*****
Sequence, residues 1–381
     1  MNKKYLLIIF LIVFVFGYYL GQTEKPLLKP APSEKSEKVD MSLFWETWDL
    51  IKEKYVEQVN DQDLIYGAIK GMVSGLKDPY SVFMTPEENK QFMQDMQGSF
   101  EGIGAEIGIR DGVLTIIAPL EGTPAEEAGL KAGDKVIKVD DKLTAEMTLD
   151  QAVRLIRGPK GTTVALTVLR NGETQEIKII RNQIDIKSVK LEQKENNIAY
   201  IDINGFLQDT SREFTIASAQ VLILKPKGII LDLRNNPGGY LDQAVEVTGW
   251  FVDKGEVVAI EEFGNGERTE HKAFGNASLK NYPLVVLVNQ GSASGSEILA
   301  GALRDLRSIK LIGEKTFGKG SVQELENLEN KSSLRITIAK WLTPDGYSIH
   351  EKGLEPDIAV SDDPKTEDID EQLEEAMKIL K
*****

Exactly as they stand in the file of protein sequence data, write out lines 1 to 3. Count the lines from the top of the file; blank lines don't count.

Sequence, residues 1–381
     1  MNKKYLLIIF LIVFVFGYYL GQTEKPLLKP APSEKSEKVD MSLFWETWDL
    51  IKEKYVEQVN DQDLIYGAIK GMVSGLKDPY SVFMTPEENK QFMQDMQGSF